Independence vs Idleness – Are we really learning?

I find it really interesting chatting to people, usually with grown-up children, who wish they’d realised that home education was an option… After just over a year in the world of home ed I know I am not an expert, but I certainly feel much more confident (as do the Ps!) when answering questions and discussing the route we have taken.

We are, of course, still discovering ‘how’ we do things; it changes regularly and can be different day to day!

But one thing I know is that I left the teaching profession (and then removed my children from it) for a reason. When people say “Oh, you’re a teacher so you know what you’re doing”, I find it quite amusing.

We most definitely don’t do ‘school at home’ (although that is one route that some home educating families take) – Β when I said this to a pilates’ friend last week,Β she responded “Oh, so where do you do school?” When I explained that what I meant was that we don’t have a rigid timetable and don’t spend hours doing sit-down learning, rather we learn through the activities we are doing (with some sit-down learning when the Ps request it), she seemed slightly shocked (“Doesn’t someone check up on you?”) but even more keen on the idea!

We are ALL learning all the time – we don’t need to be sitting at a desk listening to one person talk and then completing a comprehension (or memory) task based on what we have heard. I am passionate about helping my children to become learners, to be inquisitive, to be capable of getting by in life, to be confident in who they are.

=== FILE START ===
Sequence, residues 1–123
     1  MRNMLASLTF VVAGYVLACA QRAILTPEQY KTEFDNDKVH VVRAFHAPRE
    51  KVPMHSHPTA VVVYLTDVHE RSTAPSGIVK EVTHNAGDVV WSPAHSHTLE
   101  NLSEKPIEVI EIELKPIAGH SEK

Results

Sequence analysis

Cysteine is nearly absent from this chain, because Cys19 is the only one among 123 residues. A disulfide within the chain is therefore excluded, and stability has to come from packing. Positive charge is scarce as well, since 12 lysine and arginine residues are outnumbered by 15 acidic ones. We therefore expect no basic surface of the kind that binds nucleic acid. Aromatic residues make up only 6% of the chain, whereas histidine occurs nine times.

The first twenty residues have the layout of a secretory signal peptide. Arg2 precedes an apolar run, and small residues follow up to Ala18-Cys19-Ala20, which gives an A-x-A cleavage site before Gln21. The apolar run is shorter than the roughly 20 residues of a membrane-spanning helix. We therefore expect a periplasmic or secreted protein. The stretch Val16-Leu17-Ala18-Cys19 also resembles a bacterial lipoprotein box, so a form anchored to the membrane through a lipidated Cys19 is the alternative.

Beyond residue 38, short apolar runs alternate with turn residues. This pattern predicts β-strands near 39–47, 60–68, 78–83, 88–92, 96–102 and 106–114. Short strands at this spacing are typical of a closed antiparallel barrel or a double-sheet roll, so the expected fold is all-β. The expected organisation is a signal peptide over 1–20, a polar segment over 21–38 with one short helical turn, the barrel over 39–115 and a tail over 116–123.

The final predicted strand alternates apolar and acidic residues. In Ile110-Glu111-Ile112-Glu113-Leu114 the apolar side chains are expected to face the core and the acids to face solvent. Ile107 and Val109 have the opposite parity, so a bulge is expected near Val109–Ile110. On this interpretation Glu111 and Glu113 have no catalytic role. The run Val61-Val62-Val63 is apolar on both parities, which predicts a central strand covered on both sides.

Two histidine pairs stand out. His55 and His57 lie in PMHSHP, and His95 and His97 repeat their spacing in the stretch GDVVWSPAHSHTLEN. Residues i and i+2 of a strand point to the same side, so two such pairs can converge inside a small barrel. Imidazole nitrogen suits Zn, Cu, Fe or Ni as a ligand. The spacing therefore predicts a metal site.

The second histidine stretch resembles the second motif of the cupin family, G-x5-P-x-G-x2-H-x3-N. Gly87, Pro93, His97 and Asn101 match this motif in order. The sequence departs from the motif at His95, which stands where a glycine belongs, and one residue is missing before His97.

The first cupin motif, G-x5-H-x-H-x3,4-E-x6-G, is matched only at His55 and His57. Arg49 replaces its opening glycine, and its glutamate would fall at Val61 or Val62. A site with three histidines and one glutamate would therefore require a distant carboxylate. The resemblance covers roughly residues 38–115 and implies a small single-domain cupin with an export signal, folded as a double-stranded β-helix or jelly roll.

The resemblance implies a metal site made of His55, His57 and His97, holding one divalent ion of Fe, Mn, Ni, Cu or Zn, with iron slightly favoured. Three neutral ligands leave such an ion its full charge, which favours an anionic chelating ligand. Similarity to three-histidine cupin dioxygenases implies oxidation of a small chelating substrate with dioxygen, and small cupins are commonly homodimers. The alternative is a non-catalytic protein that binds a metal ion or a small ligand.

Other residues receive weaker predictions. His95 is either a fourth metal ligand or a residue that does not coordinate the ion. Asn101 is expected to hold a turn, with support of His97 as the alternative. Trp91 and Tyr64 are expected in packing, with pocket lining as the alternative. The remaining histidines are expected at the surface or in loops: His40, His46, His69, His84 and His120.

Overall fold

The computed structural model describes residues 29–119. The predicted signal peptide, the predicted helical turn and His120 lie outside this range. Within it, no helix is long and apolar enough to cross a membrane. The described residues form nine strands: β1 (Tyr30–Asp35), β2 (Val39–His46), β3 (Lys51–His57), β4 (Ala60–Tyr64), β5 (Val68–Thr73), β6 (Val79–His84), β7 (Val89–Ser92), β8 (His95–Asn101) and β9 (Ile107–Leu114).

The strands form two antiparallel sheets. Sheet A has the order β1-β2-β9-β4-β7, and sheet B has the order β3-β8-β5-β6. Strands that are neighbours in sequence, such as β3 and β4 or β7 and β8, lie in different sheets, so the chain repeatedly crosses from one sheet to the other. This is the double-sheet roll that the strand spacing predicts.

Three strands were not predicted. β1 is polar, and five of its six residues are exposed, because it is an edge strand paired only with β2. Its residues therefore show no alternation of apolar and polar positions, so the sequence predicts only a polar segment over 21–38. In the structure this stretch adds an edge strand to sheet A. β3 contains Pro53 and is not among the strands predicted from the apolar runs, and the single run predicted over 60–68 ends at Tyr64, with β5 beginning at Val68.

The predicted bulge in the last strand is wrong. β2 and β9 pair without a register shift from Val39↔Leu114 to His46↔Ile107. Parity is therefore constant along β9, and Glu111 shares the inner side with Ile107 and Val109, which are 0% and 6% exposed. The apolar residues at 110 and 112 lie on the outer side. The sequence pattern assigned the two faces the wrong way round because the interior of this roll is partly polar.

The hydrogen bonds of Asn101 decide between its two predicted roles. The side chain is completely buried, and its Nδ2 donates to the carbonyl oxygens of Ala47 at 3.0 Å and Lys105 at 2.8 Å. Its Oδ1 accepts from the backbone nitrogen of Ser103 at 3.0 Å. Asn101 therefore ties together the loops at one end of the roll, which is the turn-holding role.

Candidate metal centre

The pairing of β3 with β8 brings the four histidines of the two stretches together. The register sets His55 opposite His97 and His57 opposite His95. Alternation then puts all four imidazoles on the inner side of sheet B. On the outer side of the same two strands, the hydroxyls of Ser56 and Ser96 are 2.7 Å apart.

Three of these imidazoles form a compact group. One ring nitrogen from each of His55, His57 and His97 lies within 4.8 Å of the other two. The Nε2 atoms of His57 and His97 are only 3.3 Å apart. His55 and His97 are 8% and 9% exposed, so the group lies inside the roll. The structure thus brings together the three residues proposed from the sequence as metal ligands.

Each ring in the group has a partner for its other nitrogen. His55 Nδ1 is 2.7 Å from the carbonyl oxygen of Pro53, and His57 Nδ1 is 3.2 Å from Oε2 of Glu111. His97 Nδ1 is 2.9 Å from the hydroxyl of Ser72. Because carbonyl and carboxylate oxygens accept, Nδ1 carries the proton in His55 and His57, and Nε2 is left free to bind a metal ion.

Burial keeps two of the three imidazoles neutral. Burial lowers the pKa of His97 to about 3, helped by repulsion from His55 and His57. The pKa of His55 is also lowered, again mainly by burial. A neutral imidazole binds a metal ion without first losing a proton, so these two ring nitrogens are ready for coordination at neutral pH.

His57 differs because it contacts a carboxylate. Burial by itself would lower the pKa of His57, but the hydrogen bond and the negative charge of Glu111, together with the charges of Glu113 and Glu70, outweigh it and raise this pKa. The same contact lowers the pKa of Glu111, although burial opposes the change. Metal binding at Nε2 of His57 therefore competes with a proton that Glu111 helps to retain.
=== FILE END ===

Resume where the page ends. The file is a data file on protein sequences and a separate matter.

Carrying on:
I really want the Ps to grow up to be independent learners, keen to find out about the world in which they live, without having to be pushed to learn (often pointless) information. Most of the learning we do is child-directed – they tell me what they are interested in and I facilitate their learning of that topic. Some days we follow our ‘topic’; some days we find out about something random inspired by a walk or visit; some days we don’t appear to be learning much!

But I am sure that most of the time the Ps aren’t being idle… Pickle isn’t as keen to ‘learn’ in the formal sense of the word as Poppet, but some of the facts that she shares amaze me and make me realise that she is definitely an independent learner who does pick up and awful lot of knowledge in her own way (usually physically!). And Piccalilli is already showing signs of loving learning (she often asks for her own books to do ‘writing’ and loves answering questions about the stories we have shared!), which I believe is heightened due to being brought up in a learning environment.

I have always loved learning, but remember very few ‘facts’ (I just don’t think my brain works that way!) I am sure that the Ps will grow up to be incredible, independent learners πŸ™‚

A few pictures of that past week’s ‘learning’ activities:

fruitflapjack
Making fruity fridge flapjacks, inspired by the ones our lovely neighbour let us try πŸ™‚
birdnests
Making bird nest hangers to help the birds mend broken nests thanks to ‘A Little Bit of Dirt’
rocketseeds
Measuring our Space Rocket plants for Tim Peake πŸ™‚
scootingdouble
Working out how to double-scoot to make the trip home from the shop easier! πŸ™‚
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